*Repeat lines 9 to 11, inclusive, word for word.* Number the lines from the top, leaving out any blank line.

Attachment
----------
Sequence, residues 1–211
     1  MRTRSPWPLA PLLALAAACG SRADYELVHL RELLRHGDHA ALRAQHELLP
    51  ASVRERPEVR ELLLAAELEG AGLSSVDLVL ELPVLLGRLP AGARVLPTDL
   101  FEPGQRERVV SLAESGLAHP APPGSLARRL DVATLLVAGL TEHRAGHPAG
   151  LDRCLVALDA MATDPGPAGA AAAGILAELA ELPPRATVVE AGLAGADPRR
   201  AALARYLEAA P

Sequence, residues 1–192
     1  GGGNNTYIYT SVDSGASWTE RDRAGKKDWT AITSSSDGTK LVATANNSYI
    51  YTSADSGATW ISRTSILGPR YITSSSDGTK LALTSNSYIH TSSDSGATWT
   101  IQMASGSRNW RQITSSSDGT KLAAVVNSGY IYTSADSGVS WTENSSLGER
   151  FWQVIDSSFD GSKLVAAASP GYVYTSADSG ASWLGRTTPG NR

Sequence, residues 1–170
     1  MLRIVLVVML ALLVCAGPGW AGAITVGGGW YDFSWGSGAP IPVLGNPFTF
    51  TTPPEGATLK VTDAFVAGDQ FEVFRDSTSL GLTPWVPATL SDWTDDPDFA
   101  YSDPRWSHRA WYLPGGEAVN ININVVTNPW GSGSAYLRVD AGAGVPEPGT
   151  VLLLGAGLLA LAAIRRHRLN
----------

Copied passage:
    51  YTSADSGATW ISRTSILGPR YITSSSDGTK LALTSNSYIH TSSDSGATWT
   101  IQMASGSRNW RQITSSSDGT KLAAVVNSGY IYTSADSGVS WTENSSLGER
   151  FWQVIDSSFD GSKLVAAASP GYVYTSADSG ASWLGRTTPG NR